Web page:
Andrew Pike is the co-author with Ross Cooper of the book, Australian Film, 1900 - 1977 (Oxford University Press).
In 1974, he formed Ronin Films with his wife, Dr Merrilyn Fitzpatrick, a specialist in China studies. The company was involved in many innovative distribution and marketing activities for which Andrew won the Australian Film Institute's Byron Kennedy Award in 1986.
In addition to distributing films from many countries, Ronin developed a special interest in films from China and Japan, importing many key film from the Chinese "Fifth Generation" directors in the 1980s, and organizing visits to Australia by many Chinese directors including Chen Kaige, Wu Tianming, Zhang Zeming, Huang Jianxin and Tian Zhuangzhuang,
The company has also dedicated much of its work to the marketing and promotion of Australian productions. Among the many Australian feature films which the company has supported and distributed are Strictly Ballroom, Shine and Road To Nhill, all of which achieved outstanding domestic box-office figures. Ronin's catalogue of independent Australian documentaries runs to several hundreds and includes several that Ronin has released theatrically such as Cunnamulla, Facing The Music, My Mother India and Wedding In Ramallah.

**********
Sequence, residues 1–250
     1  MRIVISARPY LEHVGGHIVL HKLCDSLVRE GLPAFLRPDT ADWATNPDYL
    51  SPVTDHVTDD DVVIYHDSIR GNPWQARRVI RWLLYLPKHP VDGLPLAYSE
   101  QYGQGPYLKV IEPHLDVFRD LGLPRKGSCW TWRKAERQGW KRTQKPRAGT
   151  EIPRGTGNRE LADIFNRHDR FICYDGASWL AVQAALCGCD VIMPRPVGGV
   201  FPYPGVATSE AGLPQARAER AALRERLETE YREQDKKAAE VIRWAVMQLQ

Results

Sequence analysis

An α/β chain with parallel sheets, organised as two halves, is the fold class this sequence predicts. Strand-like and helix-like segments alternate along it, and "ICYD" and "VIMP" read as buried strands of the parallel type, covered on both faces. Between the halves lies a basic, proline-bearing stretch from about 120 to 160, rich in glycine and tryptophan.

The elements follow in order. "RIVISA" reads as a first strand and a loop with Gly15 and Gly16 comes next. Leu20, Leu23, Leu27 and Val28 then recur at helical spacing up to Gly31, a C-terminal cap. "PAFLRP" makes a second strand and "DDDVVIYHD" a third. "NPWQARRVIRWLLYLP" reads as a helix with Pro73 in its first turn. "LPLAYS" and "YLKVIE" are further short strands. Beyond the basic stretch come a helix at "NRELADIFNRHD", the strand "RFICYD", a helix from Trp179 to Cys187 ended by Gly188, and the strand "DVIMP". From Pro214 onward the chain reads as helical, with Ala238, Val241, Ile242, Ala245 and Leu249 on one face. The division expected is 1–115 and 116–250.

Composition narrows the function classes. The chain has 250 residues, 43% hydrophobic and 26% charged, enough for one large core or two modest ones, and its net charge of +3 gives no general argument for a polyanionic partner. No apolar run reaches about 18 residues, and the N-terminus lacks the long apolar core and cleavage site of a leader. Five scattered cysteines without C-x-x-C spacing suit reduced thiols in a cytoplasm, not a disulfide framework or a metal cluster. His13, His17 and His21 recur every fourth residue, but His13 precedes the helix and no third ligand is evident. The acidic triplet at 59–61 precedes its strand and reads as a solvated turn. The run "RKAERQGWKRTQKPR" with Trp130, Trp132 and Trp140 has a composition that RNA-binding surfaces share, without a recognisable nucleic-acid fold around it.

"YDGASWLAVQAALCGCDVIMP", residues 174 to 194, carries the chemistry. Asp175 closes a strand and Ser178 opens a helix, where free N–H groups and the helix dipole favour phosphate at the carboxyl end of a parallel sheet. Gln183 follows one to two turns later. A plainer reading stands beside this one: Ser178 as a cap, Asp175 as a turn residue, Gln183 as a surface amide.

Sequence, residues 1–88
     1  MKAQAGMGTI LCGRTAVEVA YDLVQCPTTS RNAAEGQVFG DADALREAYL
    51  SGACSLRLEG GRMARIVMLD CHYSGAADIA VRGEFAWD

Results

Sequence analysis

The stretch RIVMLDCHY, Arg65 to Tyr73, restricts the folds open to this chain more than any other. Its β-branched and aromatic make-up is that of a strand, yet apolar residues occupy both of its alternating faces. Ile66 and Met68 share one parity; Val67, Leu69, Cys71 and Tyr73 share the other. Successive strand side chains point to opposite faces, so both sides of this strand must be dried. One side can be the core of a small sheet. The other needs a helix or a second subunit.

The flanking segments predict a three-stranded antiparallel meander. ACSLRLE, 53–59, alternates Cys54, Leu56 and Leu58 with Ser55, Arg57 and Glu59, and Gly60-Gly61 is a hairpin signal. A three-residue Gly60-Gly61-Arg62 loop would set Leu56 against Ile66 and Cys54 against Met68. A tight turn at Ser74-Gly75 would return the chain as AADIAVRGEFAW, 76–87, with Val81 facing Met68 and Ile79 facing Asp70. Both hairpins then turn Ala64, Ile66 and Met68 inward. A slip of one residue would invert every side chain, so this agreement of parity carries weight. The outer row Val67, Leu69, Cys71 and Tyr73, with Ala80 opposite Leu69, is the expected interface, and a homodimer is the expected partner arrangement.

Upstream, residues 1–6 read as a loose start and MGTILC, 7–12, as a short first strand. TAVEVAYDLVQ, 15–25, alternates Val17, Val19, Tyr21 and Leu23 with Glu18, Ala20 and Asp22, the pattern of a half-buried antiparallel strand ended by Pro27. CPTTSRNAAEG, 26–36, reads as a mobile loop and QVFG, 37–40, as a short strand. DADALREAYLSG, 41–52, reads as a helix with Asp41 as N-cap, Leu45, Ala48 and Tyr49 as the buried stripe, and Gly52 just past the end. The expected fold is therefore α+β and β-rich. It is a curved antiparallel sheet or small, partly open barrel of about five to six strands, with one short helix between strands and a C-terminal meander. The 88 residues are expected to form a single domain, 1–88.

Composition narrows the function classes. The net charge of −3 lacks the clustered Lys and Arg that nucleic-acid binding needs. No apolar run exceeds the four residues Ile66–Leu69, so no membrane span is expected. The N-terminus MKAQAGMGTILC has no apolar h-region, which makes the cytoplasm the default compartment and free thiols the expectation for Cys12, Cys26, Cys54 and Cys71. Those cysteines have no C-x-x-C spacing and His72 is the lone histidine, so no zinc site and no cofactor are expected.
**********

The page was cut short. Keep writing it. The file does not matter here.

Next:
As an exhibitor, Ronin has operated the successful Electric Shadows Cinemas in Canberra since 1979. Over the years, Electric Shadows has become a cultural icon in Canberra.
In 2003, the French government appointed him to the rank of Chevalier dans L'Ordre des Arts et Lettres for his work in the distribution and exhibition of French cinema in Australia.
He was a member of the Board of the Australian Film Commission for three years, 1989 - 1992. In 1992, he was given a special award by the Australian Film Critics' Circle for his contributions to the film industry.
In 1999, Andrew was involved in the formation of the Friends of the National Film and Sound Archive, Inc., an association dedicated to support the Archive's work and to promote the principles of best practice in the film archive profession. From 2000 to 2003, Andrew served on the Council of the National Screen and Sound Archive.